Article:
More information

Math 3C Homework 3 Solutions

Math 3C Homework 3 Solutions Math 3C Homework 3 s Ilhwan Jo and Akemi Kashiwada ilhwanjo@math.ucla.edu, akashiwada@ucla.edu Assignment: Section 2.3 Problems 2, 7, 8, 9,, 3, 5, 8, 2, 22, 29, 3, 32 2. You draw three cards from a standard

More information

Most of us would probably believe they are the same, it would not make a difference. But, in fact, they are different. Let s see how.

Most of us would probably believe they are the same, it would not make a difference. But, in fact, they are different. Let s see how. PROBABILITY If someone told you the odds of an event A occurring are 3 to 5 and the probability of another event B occurring was 3/5, which do you think is a better bet? Most of us would probably believe

More information

If a tennis player was selected at random from the group, find the probability that the player is

If a tennis player was selected at random from the group, find the probability that the player is Basic Probability. The table below shows the number of left and right handed tennis players in a sample of 0 males and females. Left handed Right handed Total Male 3 29 32 Female 2 6 8 Total 4 0 If a tennis

More information

What is the probability of throwing a fair die and receiving a six? Introduction to Probability. Basic Concepts

What is the probability of throwing a fair die and receiving a six? Introduction to Probability. Basic Concepts Basic Concepts Introduction to Probability A probability experiment is any experiment whose outcomes relies purely on chance (e.g. throwing a die). It has several possible outcomes, collectively called

More information

Odds: Odds compares the number of favorable outcomes to the number of unfavorable outcomes.

Odds: Odds compares the number of favorable outcomes to the number of unfavorable outcomes. MATH 11008: Odds and Expected Value Odds: Odds compares the number of favorable outcomes to the number of unfavorable outcomes. Suppose all outcomes in a sample space are equally likely where a of them

More information

7 Probability. Copyright Cengage Learning. All rights reserved.

7 Probability. Copyright Cengage Learning. All rights reserved. 7 Probability Copyright Cengage Learning. All rights reserved. 7.2 Relative Frequency Copyright Cengage Learning. All rights reserved. Suppose you have a coin that you think is not fair and you would like

More information

ECE-316 Tutorial for the week of June 1-5

ECE-316 Tutorial for the week of June 1-5 ECE-316 Tutorial for the week of June 1-5 Problem 35 Page 176: refer to lecture notes part 2, slides 8, 15 A box contains 5 red and 5 blue marbles. Two marbles are withdrawn randomly. If they are the same

More information

Probabilities, Odds, and Expectations

Probabilities, Odds, and Expectations MATH 110 Week 8 Chapter 16 Worksheet NAME Probabilities, Odds, and Expectations By the time we are finished with this chapter we will be able to understand how risk, rewards and probabilities are combined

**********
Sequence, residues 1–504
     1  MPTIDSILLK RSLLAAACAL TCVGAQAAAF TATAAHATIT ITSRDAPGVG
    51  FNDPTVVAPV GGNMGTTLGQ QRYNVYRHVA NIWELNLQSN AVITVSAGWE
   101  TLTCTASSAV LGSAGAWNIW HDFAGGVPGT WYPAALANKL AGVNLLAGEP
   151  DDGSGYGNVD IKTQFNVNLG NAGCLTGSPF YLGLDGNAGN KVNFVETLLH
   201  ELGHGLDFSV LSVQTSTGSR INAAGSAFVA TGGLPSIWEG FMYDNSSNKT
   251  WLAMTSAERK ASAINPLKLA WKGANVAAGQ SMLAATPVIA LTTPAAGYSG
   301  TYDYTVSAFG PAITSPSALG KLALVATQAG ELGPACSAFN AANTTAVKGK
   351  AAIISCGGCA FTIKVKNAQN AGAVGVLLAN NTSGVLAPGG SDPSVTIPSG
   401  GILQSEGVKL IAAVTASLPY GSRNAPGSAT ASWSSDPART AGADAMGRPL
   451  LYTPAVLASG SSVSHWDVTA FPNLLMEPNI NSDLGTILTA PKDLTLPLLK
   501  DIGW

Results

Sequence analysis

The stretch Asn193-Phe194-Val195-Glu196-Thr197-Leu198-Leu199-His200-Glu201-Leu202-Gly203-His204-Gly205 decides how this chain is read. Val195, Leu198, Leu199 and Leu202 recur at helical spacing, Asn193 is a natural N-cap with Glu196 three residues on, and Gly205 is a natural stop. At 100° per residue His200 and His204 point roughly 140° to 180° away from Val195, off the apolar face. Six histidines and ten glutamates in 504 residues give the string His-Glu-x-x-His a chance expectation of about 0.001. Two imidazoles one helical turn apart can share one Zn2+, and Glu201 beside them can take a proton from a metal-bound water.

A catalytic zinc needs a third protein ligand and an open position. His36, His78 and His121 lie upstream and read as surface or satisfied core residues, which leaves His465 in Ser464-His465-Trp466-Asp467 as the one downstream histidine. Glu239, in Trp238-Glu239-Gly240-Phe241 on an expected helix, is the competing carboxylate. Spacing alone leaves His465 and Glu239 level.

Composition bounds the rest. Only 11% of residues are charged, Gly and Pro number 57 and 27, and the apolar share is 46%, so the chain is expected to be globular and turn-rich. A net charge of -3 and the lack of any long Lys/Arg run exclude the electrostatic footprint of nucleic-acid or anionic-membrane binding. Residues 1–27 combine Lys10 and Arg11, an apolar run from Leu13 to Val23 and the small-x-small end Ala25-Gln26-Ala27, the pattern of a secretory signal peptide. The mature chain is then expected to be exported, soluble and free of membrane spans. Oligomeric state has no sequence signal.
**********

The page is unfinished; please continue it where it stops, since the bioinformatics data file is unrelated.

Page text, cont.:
More information

Introductory Problems

Introductory Problems Introductory Problems Today we will solve problems that involve counting and probability. Below are problems which introduce some of the concepts we will discuss.. At one of George Washington s parties,

More information

Chapter 3: The basic concepts of probability

Chapter 3: The basic concepts of probability Chapter 3: The basic concepts of probability Experiment: a measurement process that produces quantifiable results (e.g. throwing two dice, dealing cards, at poker, measuring heights of people, recording

More information

Basic Probability Theory I

Basic Probability Theory I A Probability puzzler!! Basic Probability Theory I Dr. Tom Ilvento FREC 408 Our Strategy with Probability Generally, we want to get to an inference from a sample to a population. In this case the population

More information

1. De Morgan s Law. Let U be a set and consider the following logical statement depending on an integer n. We will call this statement P (n):

1. De Morgan s Law. Let U be a set and consider the following logical statement depending on an integer n. We will call this statement P (n): Math 309 Fall 0 Homework 5 Drew Armstrong. De Morgan s Law. Let U be a set and consider the following logical statement depending on an integer n. We will call this statement P (n): For any n sets A, A,...,

More information

Probability OPRE 6301

Probability OPRE 6301 Probability OPRE 6301 Random Experiment... Recall that our eventual goal in this course is to go from the random sample to the population. The theory that allows for this transition is the theory of probability.